Prickly Pear, Yearbook of Abilene Christian University, 2006 Page: 30
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The student film Noc came away with the most honors
at the second annual FilmFest on Nov. 4, which featured
11 student-made films, at the Paramount Iheatre.
Judges presented the awards in traditional Academy
"Milestones" was the theme of FilmFest, and students
worked the theme into their films however they wanted,
said Robyn King, FilmFest co-chair and senior marketing
and management major from Fort Worth.
"We really kind of leave those open and vague for a
reason because there's so many different ways people can
interpret that," King said. "Milestones means different
things to everybody. In fact, our films were totally a reflection
of that." The lineup included three music videos,
one action/thriller and seven dramas.
Students submitted films for judging Oct. 14. The
judges received a DVD with the films and evaluated
each one before the premier night but had to wait, along
with the students, until the award ceremony to find out
The judges presented awards for best film, producer,
director, technical director, sound designer, production
designer and writer.
Noc, a film about a bank robbery produced, directed
and written by Brady Rector, freshman electronic media
major from Abilene, won the People's Choice Award.
This award was added this year and was judged by
online voting. SATV, Channel 24, gave students the
chance to view the films be fore they voted.
"People's choice was a really good way to get people
involved first of all because they're seeing the films the
whole week before," King said. "Kind of a little bit of advertising,
and it's just a way for people to really get excited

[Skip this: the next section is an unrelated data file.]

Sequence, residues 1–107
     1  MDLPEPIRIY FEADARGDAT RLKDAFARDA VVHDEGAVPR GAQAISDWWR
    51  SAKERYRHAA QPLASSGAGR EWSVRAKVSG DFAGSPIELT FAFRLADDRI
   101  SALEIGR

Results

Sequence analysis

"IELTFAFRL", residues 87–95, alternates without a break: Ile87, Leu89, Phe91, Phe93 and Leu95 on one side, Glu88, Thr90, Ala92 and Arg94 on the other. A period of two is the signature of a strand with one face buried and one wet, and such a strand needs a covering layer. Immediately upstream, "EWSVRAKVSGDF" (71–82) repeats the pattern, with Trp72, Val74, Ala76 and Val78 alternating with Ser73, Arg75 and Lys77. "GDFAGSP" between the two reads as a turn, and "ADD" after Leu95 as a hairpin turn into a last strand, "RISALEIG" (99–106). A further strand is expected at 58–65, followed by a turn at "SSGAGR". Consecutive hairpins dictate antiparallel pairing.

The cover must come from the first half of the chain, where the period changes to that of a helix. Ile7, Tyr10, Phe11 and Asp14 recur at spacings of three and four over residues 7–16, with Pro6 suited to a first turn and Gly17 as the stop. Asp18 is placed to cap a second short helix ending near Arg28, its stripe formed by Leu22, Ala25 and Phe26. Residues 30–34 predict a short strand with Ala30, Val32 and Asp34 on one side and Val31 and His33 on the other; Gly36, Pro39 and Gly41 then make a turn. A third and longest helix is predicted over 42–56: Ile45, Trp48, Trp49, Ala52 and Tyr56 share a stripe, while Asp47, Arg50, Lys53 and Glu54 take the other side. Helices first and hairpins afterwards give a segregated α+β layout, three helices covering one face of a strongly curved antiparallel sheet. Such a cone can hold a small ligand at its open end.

A Saturday morning symposium featuring six of the
12 judges followed the premier night. Judges spoke to
about 25 students and people from the community.
The symposium gave the judges a chance to interact
with people, King said. Tabitha Vail, junior English
major from San Antonio, had the chance to stop by the
symposium and said she liked seeing the judges interact
with each other.
Vail helped with the marketing and communication
aspect of FilmFest by getting support partners to help
make it financially possible. Through raising support she
said she realized Abilene is a helpful community. She
raised a total of $6,000 in comparable dollars in things
ranging from discounts on T-shirts, to a check to help
pay the $800 needed to rent the Paramount.
Ryan Jones, freshman Christian ministry major from
Tulsa, Okla., was the director and writer for They Call
You Holy and said FilmFest was one thing he liked about
ACU when he heard about it last year. Jones said he
plans to participate in the future and encourages other
students to as well.
"If you're willing to put in the work, no matter if you
win or loose, you will have a good feeling of accomplishment,'Jones
By: Anna Carroll, adapted from the Optimist
Film Fest co-chairs Matt Maxwell and Robyn King present the awards for the 2005 Film Fest competition.
Photo by Brian Schmidt
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Abilene Christian University. Prickly Pear, Yearbook of Abilene Christian University, 2006, yearbook, 2006; Dallas, Texas. (texashistory.unt.edu/ark:/67531/metapth39882/m1/33/: accessed November 19, 2017), University of North Texas Libraries, The Portal to Texas History, texashistory.unt.edu; crediting Abilene Christian University Library.